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Ed Morrissey does a great job of outlining why he’s skeptical of the PPP polling that shows Ron Paul leading in Iowa:

PPP says that they are polling likely Republican caucus-goers, but there’s a reason for a little skepticism on their sample. At 597 respondents, the size is respectable enough, but its composition and definition of “likely” is quite shaky. Only a little over half (55%) bothered to caucus with Republicans in 2008, an election primary with as much publicity and import as this one. Thirteen percent caucused with the Democrats, which is reasonable because (a) Democrats aren’t conducting a primary this cycle, and (b) some who caucused with Democrats might be inclined to support Republicans this year.

However, almost a third (32%) didn’t caucus with either party in 2008. How can they be considered “likely” caucus-goers in this cycle? It can’t be because Ron Paul is running this time, because he was running in 2008 as well.

There are other reasons for skepticism. RealClearPolitics notes two other polls taken in almost the same timeframe as PPP’s survey, and Paul was below 20% in both (Rasmussen and Insider Advantage). They all show fairly close margins, but the PPP looks like a bit of an outlier — at least for now.

I agree with Ed’s opinions but I’d like to add two other things that I think are noteworthy, one of which Ed touches on. First, Ron Paul’s support, for the first time ever, extended beyond his usual die-hard base.

Ed’s post about the racist material published in Paul’s name in Paul’s newsletter will, I think, stop the Paul boomlet in its tracks. James Kirchick’s article is just another nail in Paul’s Iowa coffin. I fully expect his numbers to tank long before the caucuses.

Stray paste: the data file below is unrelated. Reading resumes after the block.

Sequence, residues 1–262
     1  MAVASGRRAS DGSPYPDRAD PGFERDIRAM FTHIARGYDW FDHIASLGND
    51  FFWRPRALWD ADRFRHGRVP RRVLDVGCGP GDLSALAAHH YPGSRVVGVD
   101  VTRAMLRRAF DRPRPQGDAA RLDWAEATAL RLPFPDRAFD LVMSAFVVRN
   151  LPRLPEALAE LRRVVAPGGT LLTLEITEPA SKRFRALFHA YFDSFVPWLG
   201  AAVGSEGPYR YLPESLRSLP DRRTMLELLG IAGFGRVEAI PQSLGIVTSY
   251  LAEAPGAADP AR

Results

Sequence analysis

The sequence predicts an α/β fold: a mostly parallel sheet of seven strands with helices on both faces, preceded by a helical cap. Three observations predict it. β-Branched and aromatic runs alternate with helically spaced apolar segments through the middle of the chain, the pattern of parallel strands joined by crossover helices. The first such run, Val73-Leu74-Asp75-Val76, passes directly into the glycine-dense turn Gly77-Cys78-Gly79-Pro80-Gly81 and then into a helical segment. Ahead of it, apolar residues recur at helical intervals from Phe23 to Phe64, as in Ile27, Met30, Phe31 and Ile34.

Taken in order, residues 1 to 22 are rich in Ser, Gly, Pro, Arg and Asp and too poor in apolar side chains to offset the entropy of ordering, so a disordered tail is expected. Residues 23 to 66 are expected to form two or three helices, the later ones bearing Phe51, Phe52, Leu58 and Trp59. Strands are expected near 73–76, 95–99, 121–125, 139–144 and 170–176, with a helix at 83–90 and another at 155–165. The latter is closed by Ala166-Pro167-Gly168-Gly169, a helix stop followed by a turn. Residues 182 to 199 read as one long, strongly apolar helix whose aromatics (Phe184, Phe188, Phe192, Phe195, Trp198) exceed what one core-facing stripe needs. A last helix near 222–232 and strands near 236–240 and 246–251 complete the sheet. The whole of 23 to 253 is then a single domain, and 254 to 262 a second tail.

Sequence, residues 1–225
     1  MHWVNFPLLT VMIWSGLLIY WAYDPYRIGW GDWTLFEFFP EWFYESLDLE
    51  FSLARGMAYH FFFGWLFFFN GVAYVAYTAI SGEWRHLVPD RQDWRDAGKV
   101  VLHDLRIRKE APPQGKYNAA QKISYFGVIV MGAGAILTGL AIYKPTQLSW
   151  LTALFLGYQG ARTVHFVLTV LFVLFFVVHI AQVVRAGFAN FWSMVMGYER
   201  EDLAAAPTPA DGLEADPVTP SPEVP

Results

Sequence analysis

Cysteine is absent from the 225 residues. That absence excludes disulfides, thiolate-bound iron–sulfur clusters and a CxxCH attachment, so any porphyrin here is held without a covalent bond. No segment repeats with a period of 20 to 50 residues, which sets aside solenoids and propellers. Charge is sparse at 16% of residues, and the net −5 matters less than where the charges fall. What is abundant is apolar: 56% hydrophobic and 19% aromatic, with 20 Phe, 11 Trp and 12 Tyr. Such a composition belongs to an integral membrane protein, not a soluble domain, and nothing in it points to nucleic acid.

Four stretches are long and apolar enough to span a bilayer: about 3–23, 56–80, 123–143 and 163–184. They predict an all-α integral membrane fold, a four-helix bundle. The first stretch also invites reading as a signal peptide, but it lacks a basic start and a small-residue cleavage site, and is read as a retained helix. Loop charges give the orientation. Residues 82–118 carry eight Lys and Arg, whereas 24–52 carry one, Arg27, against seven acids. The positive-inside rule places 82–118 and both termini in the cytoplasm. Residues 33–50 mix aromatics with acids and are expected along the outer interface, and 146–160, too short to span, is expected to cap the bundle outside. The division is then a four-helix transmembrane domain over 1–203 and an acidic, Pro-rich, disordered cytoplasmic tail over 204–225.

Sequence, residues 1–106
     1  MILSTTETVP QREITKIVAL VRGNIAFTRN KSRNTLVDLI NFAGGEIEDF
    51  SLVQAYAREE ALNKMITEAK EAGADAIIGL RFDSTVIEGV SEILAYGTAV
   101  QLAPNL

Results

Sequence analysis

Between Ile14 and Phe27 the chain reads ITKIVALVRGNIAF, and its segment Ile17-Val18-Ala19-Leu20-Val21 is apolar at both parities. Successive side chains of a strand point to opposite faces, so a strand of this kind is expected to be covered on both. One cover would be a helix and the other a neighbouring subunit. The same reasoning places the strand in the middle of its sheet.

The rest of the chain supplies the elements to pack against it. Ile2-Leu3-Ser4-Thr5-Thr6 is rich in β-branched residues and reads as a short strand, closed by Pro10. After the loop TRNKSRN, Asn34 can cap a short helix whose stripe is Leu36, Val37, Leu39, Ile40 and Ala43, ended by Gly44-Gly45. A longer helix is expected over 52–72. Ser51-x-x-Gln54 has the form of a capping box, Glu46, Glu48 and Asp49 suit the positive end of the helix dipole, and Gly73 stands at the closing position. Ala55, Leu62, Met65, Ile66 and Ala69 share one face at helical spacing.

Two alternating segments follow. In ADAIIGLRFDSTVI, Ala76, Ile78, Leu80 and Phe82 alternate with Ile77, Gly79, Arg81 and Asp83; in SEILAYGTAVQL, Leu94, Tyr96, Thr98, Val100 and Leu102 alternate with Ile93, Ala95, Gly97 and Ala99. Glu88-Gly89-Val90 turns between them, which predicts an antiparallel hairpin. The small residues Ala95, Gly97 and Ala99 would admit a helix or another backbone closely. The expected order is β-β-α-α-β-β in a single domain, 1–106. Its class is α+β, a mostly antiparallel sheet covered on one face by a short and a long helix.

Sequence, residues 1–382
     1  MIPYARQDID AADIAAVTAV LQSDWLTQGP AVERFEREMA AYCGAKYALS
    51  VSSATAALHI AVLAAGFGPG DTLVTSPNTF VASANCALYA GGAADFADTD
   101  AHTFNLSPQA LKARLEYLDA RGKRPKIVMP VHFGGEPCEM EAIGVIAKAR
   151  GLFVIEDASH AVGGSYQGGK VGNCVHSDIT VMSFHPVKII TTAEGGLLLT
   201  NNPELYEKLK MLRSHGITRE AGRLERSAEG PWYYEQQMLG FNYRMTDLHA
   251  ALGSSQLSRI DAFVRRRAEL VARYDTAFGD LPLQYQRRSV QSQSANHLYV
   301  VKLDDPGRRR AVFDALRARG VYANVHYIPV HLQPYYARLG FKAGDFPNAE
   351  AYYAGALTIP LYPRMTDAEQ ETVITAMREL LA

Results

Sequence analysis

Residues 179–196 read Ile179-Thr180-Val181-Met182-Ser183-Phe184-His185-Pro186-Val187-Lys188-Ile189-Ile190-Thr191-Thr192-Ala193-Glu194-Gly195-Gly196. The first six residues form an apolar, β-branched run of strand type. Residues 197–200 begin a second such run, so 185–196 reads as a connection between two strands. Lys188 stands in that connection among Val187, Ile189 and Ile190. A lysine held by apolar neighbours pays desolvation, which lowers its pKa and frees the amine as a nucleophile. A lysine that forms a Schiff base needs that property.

Nutty Uncle spent way too much time on stage Thursday night to help Paul, too. It was just another display of Paul’s conspiracy theorist side. That won’t hurt him with his loyal base but it’ll cripple him with thoughtful people who were recent converts.

I still fully expect Newt to win the Iowa Caucuses, though it’ll be a tight race. I also think that Mitt will drop, especially in western Iowa, because Mitt played the class warfare card in yesterday’s interview with Chris Wallace. Playing the class warfare card won’t endear Mitt to hard-working Iowans.

This race is fluid. I wouldn’t be surprised if Rick Perry and Rick Santorum finish with a ticket out of Iowa.

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One Response to “Reasons to be skeptical of PPP’s polling”

  • Bob J. says:

    I’m suspicious of PPP because it’s a Democrat polling firm.

    Rooting for Bachmann or Santorum — the real conservatives — in Iowa but if RuPaul wins the GOP should be publicly flogged.

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